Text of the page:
In Digest, Ukraine

Business New Europe, Dec. 12, 2014

 ‘The proposals would drastically cut back the remnants of the Soviet cradle-to-grave welfare state… Among the most startling proposals are to cut obligatory schooling from 11 to 9 years.’

In order to put the country back on a sound financial footing, Ukraine’s finance ministry is proposing sweeping cuts, from cutting the years of mandatory schooling, to firing two-thirds of MPs, to hiking the pension age.

Elderly people in Donetsk. Ukraine gov't proposes to raise pension age for women from 57 to 65

Elderly people in Donetsk. Ukraine gov’t proposes to raise pension age for women from 57 to 65

According to leaked documents drawn up by the finance ministry, the new government, voted in on December 2, is readying sweeping reform of the entire budget sector. The 120 pages of proposals outline changes to the constitution and legislation to reduce the state’s spending obligations to the order of 496 billion hryvnia (US$31.3bn), much of which remains in fact chronically unfunded. The proposals would drastically cut back the remnants of the Soviet cradle-to-grave welfare state.

Among the most startling proposals are to reduce the number of MPs from 450 to 150, reduce obligatory schooling from 11 to 9 years, and abolish the constitutional guarantees of free education and medicine, as well as abolishing a constitutional norm prohibiting closure of existing institutions (such as schools and hospitals).

Perhaps most controversially, the finance ministry is proposing to raise the pension age for both men and women to 65, from currently 57 for women and 62 for men, canceling pension indexation for inflation, and slashing all travel benefits (such as free travel for pensioners).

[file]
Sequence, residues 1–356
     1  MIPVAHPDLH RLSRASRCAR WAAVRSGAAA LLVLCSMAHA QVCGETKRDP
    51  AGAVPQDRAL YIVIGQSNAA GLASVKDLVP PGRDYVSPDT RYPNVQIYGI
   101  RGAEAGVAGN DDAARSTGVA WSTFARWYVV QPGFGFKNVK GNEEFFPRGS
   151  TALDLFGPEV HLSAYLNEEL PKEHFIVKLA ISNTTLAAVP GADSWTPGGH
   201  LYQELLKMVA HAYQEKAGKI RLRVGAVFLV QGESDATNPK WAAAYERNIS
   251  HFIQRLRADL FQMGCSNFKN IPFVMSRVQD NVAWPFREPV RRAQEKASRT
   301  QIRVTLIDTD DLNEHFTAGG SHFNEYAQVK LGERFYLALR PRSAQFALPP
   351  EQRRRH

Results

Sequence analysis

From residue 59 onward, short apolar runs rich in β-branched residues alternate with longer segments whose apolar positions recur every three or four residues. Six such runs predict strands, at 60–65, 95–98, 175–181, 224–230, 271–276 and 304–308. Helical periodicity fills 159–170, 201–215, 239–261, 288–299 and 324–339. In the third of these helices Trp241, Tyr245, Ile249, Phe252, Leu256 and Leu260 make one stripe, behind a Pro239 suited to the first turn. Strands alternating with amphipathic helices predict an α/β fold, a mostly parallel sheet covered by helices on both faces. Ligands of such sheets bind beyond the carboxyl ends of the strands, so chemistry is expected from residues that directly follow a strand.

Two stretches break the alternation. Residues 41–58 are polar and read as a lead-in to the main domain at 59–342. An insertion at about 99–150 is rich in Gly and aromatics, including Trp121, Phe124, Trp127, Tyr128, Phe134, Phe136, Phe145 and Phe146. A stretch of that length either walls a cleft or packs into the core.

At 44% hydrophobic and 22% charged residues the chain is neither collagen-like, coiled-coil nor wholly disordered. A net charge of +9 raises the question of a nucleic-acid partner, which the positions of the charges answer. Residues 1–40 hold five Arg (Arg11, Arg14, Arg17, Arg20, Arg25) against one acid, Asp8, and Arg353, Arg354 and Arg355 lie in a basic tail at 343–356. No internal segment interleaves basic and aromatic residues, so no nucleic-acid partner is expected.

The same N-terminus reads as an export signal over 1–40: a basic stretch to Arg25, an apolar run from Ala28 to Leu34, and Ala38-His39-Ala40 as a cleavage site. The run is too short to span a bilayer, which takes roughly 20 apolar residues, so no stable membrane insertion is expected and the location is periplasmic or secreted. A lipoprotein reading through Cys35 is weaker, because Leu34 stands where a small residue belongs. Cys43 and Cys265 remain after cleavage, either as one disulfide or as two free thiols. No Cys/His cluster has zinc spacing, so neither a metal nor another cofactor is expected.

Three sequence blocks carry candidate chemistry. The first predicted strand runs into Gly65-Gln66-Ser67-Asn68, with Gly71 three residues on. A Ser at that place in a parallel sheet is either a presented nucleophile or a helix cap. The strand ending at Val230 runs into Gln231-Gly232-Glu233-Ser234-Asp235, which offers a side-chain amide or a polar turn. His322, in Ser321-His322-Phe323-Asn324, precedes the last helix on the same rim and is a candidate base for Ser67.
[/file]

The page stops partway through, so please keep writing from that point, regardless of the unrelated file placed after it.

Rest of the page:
New Finance Minister Natalie Jaresko, a U.S.-born investment banker who was a surprise appointment to the post on December 2, said that it was “too early to talk about concrete figures,” but that it would be necessary to “review the existing benefits provided to large groups of the population in favour of aid targeted at people who really need it”.

Jaresko also in the interview denied reports that Ukraine was close to default. “We are not in a state of default and also not in pre-default state. This question is not even being considered in the government. But no one is hiding that the situation is very serious – Ukraine needs urgent stabilisation of the financial system in particular the banking sector,” she said.

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See also:
Who Will Foot the Bill in Ukraine?, By Jamila Trindle, Foreign Policy, December 12, 2014
The West proves willing to help Ukraine by hurting Russia with sanctions, but little aid is forthcoming for Ukraine as its government faces a shortfall.’

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